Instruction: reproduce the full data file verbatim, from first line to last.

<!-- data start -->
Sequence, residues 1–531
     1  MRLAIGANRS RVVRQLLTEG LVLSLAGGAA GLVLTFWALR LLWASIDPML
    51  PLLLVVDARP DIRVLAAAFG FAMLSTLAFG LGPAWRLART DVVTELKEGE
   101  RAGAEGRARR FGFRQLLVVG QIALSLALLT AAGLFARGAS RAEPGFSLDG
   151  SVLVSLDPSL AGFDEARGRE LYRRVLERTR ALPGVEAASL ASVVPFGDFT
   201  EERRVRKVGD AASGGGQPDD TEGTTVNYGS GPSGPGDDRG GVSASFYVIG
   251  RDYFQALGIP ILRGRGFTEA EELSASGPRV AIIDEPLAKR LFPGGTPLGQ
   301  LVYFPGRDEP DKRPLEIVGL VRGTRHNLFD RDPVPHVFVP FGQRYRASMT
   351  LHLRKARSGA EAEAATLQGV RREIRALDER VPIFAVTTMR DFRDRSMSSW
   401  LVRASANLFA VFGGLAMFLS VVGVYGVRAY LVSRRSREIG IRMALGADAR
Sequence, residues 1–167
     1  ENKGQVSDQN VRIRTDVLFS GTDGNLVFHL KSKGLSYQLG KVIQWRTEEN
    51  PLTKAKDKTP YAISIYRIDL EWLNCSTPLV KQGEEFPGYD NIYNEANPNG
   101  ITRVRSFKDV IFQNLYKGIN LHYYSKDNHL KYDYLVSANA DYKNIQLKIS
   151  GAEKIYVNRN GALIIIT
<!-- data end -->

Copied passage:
Sequence, residues 1–531
     1  MRLAIGANRS RVVRQLLTEG LVLSLAGGAA GLVLTFWALR LLWASIDPML
    51  PLLLVVDARP DIRVLAAAFG FAMLSTLAFG LGPAWRLART DVVTELKEGE
   101  RAGAEGRARR FGFRQLLVVG QIALSLALLT AAGLFARGAS RAEPGFSLDG
   151  SVLVSLDPSL AGFDEARGRE LYRRVLERTR ALPGVEAASL ASVVPFGDFT
   201  EERRVRKVGD AASGGGQPDD TEGTTVNYGS GPSGPGDDRG GVSASFYVIG
   251  RDYFQALGIP ILRGRGFTEA EELSASGPRV AIIDEPLAKR LFPGGTPLGQ
   301  LVYFPGRDEP DKRPLEIVGL VRGTRHNLFD RDPVPHVFVP FGQRYRASMT
   351  LHLRKARSGA EAEAATLQGV RREIRALDER VPIFAVTTMR DFRDRSMSSW
   401  LVRASANLFA VFGGLAMFLS VVGVYGVRAY LVSRRSREIG IRMALGADAR
Sequence, residues 1–167
     1  ENKGQVSDQN VRIRTDVLFS GTDGNLVFHL KSKGLSYQLG KVIQWRTEEN
    51  PLTKAKDKTP YAISIYRIDL EWLNCSTPLV KQGEEFPGYD NIYNEANPNG
   101  ITRVRSFKDV IFQNLYKGIN LHYYSKDNHL KYDYLVSANA DYKNIQLKIS
   151  GAEKIYVNRN GALIIIT